You guys continue to be focused on the side of the correction that needs correcting and calling this apocalyptic. It's the opposite.The other side is the reversal of the human footprint on the planet. The great tide of parasitic humanity recedes and begins to open up vast areas of human landscapes to the recolonization of displaced flora and fauna.

Stop being so fucking human centric all the time guys and gals.
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Re: Miocene Anthropocene Future

Unread postby Tanada » Wed 15 May 2019, 14:32:56

Ibon wrote:You guys continue to be focused on the side of the correction that needs correcting and calling this apocalyptic. It's the opposite.The other side is the reversal of the human footprint on the planet. The great tide of parasitic humanity recedes and begins to open up vast areas of human landscapes to the recolonization of displaced flora and fauna.

Stop being so fucking human centric all the time guys and gals.


More or less agree. Where I live about 20% of the farmland has been allowed to revert to wild woodlot as the farms too small to compete with the corporate megafarms went broke over the last 40 years. Its sad for those families, but the deer and coyote populations had rebounded to levels most would not think possible back in the 1960's.
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Re: Miocene Anthropocene Future

Unread postby Plantagenet » Wed 15 May 2019, 18:04:35

Ibon wrote:The great tide of parasitic humanity recedes and begins to open up vast areas of human landscapes to the recolonization of displaced flora and fauna.

Stop being so fucking human centric all the time guys and gals.


It is highly unlike that humans will be hit hard and other species will just replace us. Mass extinctions don't work that way.

When the climate goes haywire and a mass extinction event occurs, it decimates ALL life on earth. Some past mass extinctions events have taken out 20-30% of all species, but the one at the end of the Permian is thought to have exterminated over 90% of all the species on earth.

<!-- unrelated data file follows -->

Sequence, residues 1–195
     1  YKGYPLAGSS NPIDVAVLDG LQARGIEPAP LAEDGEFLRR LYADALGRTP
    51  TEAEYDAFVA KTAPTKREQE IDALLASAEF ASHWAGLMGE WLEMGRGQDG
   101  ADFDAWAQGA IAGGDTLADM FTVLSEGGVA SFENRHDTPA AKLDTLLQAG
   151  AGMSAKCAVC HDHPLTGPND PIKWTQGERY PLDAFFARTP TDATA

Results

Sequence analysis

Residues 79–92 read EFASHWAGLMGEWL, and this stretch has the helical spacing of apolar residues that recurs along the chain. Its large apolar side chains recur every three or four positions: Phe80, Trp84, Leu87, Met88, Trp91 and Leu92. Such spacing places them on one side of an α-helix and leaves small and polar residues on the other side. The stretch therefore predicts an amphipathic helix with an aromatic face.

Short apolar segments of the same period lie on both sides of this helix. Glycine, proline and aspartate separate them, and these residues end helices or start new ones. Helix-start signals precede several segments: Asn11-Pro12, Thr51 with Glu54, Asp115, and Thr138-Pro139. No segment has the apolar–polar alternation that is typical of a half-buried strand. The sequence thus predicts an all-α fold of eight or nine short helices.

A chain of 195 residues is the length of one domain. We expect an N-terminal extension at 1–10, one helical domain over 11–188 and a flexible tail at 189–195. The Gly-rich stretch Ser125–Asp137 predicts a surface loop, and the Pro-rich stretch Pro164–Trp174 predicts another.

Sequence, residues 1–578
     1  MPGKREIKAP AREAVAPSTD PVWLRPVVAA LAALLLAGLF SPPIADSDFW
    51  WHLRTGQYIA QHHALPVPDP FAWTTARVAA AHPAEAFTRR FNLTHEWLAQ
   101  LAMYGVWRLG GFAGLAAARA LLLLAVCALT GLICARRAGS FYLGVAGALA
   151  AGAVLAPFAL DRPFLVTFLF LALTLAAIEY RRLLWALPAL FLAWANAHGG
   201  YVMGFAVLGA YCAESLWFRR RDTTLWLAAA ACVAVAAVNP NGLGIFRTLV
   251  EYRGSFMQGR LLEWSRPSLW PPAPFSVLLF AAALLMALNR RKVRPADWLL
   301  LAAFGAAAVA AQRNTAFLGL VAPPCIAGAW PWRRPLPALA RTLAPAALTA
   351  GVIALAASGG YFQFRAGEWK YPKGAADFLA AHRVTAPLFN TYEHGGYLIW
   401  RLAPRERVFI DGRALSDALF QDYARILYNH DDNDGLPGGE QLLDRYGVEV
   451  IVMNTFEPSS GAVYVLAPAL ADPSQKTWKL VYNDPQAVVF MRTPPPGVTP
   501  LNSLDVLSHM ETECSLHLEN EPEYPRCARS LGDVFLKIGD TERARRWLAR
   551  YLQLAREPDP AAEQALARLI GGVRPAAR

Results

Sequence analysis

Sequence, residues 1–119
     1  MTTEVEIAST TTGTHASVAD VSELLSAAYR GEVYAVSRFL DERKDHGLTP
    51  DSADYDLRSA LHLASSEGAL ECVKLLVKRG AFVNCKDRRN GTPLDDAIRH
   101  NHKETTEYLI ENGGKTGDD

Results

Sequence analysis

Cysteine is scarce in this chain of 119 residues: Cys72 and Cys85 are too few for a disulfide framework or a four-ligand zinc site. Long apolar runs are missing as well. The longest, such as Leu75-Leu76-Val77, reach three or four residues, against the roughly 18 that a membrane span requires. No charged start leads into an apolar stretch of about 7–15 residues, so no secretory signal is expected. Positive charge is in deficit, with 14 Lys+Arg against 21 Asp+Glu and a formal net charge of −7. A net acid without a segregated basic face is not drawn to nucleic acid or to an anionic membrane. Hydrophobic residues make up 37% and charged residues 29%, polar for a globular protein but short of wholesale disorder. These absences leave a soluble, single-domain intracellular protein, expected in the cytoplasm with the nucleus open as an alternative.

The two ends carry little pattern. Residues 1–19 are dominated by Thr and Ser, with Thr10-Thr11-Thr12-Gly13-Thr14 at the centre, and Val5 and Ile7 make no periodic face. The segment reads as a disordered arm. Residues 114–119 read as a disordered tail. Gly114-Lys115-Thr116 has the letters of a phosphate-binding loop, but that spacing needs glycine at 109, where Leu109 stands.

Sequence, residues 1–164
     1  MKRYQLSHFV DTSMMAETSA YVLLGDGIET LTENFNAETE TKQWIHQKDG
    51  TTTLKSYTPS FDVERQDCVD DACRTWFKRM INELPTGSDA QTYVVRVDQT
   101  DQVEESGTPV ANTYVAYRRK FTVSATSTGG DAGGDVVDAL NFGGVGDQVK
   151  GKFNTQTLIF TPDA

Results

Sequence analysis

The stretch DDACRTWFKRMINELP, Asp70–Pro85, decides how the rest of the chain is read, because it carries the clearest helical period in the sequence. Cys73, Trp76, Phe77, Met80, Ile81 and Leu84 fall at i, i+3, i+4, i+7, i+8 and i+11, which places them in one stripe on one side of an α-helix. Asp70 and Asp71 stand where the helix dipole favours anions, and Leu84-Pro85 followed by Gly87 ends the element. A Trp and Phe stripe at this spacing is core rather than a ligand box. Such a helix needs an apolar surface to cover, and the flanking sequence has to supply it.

There is no reason to think this current mass extinction event will operate differently then those that happened in the past, so chances are that humans and their civilization and a large percentage of all the species on earth will all go into the dustbin of history together.

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Re: Miocene Anthropocene Future

Unread postby jedrider » Wed 15 May 2019, 18:52:17

A Doctor Strangelove just, maybe, will appear with a solution to this dilemma.
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Re: Miocene Anthropocene Future

Unread postby dohboi » Wed 15 May 2019, 21:08:25

The linked article and associated reference, discusses a number of relatively recent paleo multi-century-scale abrupt deep-water warming events associated with a slowing of the MOC/AMOC. Further it notes that one such abrupt multi-century-scale deep-water slowing event has been underway for the about the last century and that:

'If further weakening happens in the future, there may be unexpectedly broad implications not only on our atmospheric and ocean systems, but also on Earth's ecological systems and our society.'

Regarding Dr. Yasuhara's comment that such multi-century-scale MOC slowing event may broadly change our atmosphere; indicates that if the WAIS were to begin a MICI-type of collapse beginning around 2040; then we could see abrupt changes in the atmosphere, such as the significant telecommunication of energy associated with water evaporation from the tropical oceans moving rapidly poleward through the atmosphere. This represents a significant climate risk to the stability of modern society.

Title: "Century-Scale Deep-Water Circulation Dynamics in the North Atlantic Ocean"

https://phys.org/news/2019-05-century-s ... north.html

Extract: "Dr. Yasuhara and his collaborators showed that subtropical North Atlantic intermediate-water temperature varied significantly during both of these time periods, based on trace element geochemistry of calcified shells of deep-sea microcrustacean Ostracoda in a sediment core. Their reconstructions reveal a series of multi-century-scale abrupt deep-water warming events likely caused by the reduction deep-water circulation. The authors also discovered that many of these weakening events of deep-water circulation can be widely recognized in the western North Atlantic.